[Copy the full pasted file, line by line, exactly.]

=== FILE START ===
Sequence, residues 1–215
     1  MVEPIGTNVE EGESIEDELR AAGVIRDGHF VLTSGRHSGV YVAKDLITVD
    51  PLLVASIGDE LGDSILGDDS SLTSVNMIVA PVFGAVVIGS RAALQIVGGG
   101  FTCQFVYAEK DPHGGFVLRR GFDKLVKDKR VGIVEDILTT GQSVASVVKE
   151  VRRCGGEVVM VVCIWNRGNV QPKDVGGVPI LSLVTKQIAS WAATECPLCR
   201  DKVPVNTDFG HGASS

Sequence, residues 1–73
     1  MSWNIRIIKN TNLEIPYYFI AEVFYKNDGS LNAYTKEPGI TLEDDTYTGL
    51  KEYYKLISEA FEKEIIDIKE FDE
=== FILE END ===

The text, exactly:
Sequence, residues 1–215
     1  MVEPIGTNVE EGESIEDELR AAGVIRDGHF VLTSGRHSGV YVAKDLITVD
    51  PLLVASIGDE LGDSILGDDS SLTSVNMIVA PVFGAVVIGS RAALQIVGGG
   101  FTCQFVYAEK DPHGGFVLRR GFDKLVKDKR VGIVEDILTT GQSVASVVKE
   151  VRRCGGEVVM VVCIWNRGNV QPKDVGGVPI LSLVTKQIAS WAATECPLCR
   201  DKVPVNTDFG HGASS

Sequence, residues 1–73
     1  MSWNIRIIKN TNLEIPYYFI AEVFYKNDGS LNAYTKEPGI TLEDDTYTGL
    51  KEYYKLISEA FEKEIIDIKE FDE